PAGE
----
Flashback: When Clinton Wagged His Finger at Peter Jennings; 'Don't Go There, Peter!'

Bill Clinton’s diatribe against FNC’s Chris Wallace, who dared to question the ex-President about his failed efforts to capture or kill Osama bin Laden, reminded some of the last time Clinton exhibited such vitriol. Back on November 18, 2004, in the midst of a quite positive ABC News prime-time special, "Bill Clinton: A Place in History," about the dedication of the Clinton presidential library, Bill Clinton angrily wagged his finger at Peter Jennings, accusing ABC of conspiring with Ken Starr to “repeat every little sleazy thing he leaked” during the investigation into Clinton’s perjury and obstruction of justice.

The late Peter Jennings, who was never accused of being a conservative, had committed the grave offense of asking Clinton about a survey of historian that had ranked him 41 of 42 presidents on “moral authority.” As recounted by the MRC’s Brent Baker in a CyberAlert published the next morning, that set Clinton off on a self-indulgent discussion of how he and his supporters were supposedly victimized by Ken Starr — and the news media.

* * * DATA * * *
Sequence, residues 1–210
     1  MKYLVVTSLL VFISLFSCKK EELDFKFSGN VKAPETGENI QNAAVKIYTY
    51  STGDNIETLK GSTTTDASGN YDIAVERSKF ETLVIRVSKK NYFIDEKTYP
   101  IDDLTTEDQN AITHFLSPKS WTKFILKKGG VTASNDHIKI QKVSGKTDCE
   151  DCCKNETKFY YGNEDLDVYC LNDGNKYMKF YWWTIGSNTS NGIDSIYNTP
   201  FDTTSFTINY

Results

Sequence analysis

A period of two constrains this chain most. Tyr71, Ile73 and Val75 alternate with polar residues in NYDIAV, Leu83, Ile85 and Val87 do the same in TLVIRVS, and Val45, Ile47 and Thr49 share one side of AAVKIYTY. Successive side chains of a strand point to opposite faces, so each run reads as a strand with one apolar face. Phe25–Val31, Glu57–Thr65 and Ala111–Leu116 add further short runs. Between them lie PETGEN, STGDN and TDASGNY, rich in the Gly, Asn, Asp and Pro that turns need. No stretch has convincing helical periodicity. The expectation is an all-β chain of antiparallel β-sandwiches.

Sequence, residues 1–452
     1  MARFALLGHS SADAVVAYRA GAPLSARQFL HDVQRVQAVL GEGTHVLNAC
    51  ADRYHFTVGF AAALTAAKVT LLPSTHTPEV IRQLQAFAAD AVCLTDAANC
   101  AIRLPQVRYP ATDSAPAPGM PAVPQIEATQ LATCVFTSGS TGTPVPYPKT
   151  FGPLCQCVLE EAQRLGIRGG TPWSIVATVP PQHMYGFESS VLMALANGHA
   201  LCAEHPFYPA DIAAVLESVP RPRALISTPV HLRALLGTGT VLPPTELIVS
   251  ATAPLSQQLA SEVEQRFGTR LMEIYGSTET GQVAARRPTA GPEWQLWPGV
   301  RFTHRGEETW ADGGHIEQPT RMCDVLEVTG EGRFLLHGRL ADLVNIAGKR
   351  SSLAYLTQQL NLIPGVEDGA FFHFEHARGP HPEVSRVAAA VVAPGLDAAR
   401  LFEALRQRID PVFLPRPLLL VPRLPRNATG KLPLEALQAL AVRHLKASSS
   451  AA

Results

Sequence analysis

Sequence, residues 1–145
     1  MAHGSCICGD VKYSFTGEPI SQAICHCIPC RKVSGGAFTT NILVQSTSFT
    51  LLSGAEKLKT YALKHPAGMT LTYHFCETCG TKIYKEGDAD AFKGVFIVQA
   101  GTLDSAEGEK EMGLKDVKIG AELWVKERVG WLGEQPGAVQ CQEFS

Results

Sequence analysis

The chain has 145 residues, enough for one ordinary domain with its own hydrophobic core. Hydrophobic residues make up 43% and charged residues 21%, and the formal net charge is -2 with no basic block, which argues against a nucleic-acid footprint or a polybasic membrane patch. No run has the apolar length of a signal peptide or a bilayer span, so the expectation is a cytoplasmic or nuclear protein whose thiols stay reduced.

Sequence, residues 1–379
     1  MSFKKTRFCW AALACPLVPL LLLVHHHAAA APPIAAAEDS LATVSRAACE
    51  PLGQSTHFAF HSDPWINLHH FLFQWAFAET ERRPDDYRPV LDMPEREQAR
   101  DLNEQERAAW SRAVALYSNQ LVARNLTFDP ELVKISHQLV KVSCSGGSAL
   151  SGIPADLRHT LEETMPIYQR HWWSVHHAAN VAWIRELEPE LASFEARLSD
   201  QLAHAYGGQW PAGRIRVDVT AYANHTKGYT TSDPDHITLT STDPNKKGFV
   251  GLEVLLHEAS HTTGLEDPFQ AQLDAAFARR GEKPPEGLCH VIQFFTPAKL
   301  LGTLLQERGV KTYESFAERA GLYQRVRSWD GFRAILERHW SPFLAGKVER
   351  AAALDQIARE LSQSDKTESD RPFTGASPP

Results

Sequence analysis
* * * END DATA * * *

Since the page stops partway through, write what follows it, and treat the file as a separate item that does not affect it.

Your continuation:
Video clip (4:10): Real (3.1 MB at 100 kbps) or Windows Media (2.5 MB at 81 kbps), plus MP3 audio (1.1 MB). Read on for transcript of the segment.

As Baker noted at the time, “In fact, a review of 1998 coverage would show ABC’s hostility to Starr. Instead of defending his coverage, however, Jennings moved on: ‘I think somewhere you say that it was Nelson Mandela who taught you about forgiveness?’ Jennings soon deplored how Clinton had to leave office after eight years: ‘You're 58 years old, and you had two terms. And like a world class athlete, you're suddenly yanked off the mound. Somebody compared it to pulling Sandy Koufax out of a baseball game.’”

But the similarity with Clinton’s eruption with Chris Wallace over terrorism is striking, particularly how he blamed the media for letting coverage of his scandals mar his moments of glory: “When I got a standing ovation at the United Nations from the whole world, the American networks were showing my grand jury testimony. Those were decisions you made, not me.”